Chase Manhattan Bank's more than $490 million issue of automobile pass-through securities yesterday had the tightest spread of any public auto-backed issued in the past 24 months, sources familiar with the deal said.

The issue, Chase Manhattan Grantor Trust 1991-A, was priced at 99.854 with a 6.9% coupon to yield 6.91% or 69 basis points over the two-year Treasury's average life.

The deal marked the bank's first such issue. A wholly owned subsidiary, Chase Lincoln First, issued an auto-backed deal last June.

Key to the tight spread were the issue's 1.5 year average life, the scarcity tied to a first-time issue and the underlying receivables' strong credit quality, Pat Bonan, a managing director at Chase Securities Inc. which led the offering, said.

"It was just a good portfolio," she said, citing the receivables' credit quality and geographic diversity.

The transaction also marks just the second time that a cash collateral account has been used as credit enhancement on an automobile receivables issue.

Backing the offering are simple interest auto receivables originated by dealers across the U.S.

The issue has a final distribution date of Setp. 15, 1997, and an expected final maturity of Dec. 15, 1994. Co-managing the deal with Chase were Bear, Stearns & Co. and First Boston Corp.

Overall the high-grade market was down slightly and appeared to be taking a breather yesterday, following Tuesday's cavalry charge, when corporations sold close to $2 billion worth of debt.

Tuesday's pace keeps the market well on track to record the most new corporate debt public issues since 1986, one analyst said. According to Securities Data Co., principal amount of new issue straight corporate debt totalled $152 billion in 1986. Year-to-date 1991, the market has seen $119 billion of new issues.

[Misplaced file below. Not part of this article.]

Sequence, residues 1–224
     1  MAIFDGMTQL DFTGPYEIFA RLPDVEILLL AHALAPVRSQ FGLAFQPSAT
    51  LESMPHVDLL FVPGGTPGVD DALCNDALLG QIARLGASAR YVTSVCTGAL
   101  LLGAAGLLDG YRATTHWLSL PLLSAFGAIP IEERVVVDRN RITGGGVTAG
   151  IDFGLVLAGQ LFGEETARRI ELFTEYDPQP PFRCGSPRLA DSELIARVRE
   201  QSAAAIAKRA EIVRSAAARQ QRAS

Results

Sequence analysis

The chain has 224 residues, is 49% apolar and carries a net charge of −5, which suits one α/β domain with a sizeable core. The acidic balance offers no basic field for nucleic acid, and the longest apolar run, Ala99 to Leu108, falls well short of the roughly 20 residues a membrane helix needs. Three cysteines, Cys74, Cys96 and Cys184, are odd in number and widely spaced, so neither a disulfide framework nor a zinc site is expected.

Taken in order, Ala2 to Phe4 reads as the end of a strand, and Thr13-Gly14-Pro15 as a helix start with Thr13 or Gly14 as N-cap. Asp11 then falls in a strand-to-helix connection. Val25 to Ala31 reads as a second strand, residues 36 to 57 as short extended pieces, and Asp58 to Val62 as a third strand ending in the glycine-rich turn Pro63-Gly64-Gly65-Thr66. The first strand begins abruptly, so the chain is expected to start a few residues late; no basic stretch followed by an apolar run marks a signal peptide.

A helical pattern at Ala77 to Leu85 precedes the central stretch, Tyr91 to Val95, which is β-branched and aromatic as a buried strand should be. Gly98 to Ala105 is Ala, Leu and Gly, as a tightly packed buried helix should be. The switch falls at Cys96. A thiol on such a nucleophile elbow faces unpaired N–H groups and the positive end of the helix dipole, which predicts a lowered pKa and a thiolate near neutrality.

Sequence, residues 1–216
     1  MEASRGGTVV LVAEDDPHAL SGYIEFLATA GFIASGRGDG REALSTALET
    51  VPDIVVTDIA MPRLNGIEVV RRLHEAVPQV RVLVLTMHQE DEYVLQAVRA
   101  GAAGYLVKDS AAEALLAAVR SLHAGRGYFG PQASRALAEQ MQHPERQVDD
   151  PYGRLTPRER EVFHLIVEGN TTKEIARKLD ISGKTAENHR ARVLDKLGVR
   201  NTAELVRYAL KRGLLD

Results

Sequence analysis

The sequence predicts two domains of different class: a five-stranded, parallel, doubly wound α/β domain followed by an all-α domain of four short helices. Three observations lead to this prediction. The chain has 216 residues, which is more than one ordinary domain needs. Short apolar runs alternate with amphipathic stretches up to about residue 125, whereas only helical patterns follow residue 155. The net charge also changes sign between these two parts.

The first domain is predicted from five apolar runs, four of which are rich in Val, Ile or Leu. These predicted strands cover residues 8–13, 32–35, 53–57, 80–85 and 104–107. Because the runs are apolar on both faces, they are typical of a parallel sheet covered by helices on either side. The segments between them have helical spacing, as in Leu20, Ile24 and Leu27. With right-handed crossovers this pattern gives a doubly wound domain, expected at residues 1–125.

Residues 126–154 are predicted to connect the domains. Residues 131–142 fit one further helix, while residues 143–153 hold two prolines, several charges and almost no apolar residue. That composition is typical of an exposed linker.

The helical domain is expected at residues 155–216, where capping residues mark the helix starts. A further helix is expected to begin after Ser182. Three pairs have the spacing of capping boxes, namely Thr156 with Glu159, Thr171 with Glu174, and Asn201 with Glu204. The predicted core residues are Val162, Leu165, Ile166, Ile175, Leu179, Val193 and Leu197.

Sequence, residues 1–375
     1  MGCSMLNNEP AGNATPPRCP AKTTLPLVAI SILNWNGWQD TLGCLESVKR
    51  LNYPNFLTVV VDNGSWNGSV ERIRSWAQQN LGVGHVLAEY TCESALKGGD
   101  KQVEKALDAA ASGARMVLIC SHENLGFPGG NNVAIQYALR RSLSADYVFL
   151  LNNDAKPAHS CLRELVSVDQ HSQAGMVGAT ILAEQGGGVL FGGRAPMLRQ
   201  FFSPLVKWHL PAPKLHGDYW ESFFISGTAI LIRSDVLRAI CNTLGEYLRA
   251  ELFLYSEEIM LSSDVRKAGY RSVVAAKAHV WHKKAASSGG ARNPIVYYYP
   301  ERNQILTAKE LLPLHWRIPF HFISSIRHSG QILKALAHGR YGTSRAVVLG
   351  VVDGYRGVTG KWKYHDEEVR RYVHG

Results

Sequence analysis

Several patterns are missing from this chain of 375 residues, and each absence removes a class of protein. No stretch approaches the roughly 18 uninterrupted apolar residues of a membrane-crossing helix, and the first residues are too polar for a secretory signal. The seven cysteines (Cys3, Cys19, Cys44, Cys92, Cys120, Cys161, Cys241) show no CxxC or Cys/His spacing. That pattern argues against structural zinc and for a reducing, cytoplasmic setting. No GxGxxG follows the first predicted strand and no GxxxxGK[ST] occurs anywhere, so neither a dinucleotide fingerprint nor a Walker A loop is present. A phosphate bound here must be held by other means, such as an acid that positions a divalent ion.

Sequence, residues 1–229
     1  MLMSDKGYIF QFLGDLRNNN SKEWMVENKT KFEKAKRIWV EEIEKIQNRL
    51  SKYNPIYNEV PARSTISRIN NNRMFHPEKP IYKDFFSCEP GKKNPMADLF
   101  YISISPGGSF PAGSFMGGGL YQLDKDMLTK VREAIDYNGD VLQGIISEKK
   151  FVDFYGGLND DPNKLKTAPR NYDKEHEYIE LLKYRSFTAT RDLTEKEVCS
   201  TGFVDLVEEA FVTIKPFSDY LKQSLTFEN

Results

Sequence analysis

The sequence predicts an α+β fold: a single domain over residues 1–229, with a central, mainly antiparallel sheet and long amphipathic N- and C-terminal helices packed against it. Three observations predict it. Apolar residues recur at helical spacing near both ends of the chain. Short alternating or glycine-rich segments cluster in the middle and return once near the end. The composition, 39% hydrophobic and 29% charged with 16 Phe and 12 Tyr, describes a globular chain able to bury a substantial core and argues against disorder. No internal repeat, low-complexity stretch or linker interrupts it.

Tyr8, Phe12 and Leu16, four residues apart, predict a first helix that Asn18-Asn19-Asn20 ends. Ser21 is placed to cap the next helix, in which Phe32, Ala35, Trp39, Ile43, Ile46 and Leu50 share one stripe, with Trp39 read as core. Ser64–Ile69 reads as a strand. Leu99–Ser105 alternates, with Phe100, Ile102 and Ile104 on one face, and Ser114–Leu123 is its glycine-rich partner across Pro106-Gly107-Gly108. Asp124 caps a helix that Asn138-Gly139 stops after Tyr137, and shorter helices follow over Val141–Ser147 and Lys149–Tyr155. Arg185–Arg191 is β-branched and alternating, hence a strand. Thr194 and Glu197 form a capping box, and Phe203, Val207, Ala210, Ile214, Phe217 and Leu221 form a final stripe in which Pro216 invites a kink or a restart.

Asked for the significance of yesterday's rush, one trader cautioned against reading too much into day-to-day variations.

"Four of the issuers (Tuesday) were jumbo issuers," he said. Tuesday's biggest offering was Ford Motor Company's $700 million two-part deal.

As for the high-yield market, it was off a 1/4, traders said. One offering expected there soon, a $100 million of senior notes by Amphenol Corp., is expected to be sold like a private placement, an analyst said.

Elsewhere in the private placement market, Storage Technology Corporation closed a $55 million debt private placement deal last Friday, David Reid, a company spokesman said.

Although the company set out to offer $50 million, strong investor demand led it to increase the offering, a source familiar with the deal said.

The 9.53% senior secured notes maturing in 1996 were rated Baa3 by Moody's Investors Service, Reid said. Hanifen, Imhoff Inc. acted as agent. The offering was circled in late June. Three of the four buyers were insurance companies.

Storage Technology will use proceeds for working capital, capital expenditures and general corporate purposes, he said.

Based in Louisville, Colo., Storage Technology makes, markets, and services information storage and retrieval sybsystems for high performance computers. At yearend 1990, the company had $1.14 billion in annual revenues, Reid said.

The 22-year-old company completed a debt private placement and some resarch and development limited partnerships in the early 1980S, he said.

Another company, Allright Corp., sold its entire $50 million issue of 10-year notes to Prudential Capital Corp., a Prudential subsidiary. Prudential did not disclose other terms relating to the private placement.

Based in Houston, Texas, Allright is the nation's largest parking operator with operations across the U.S. and Canada.

In other private placement news, Merrill Lynch & Co. announced that Andrew Hanson had joined its group as a vice president. Mr. Hanson, who formerly worked at Bear, Stearns, and Bankers Trust Co., will be responsible for structuring and marketing its investment grade private placements.

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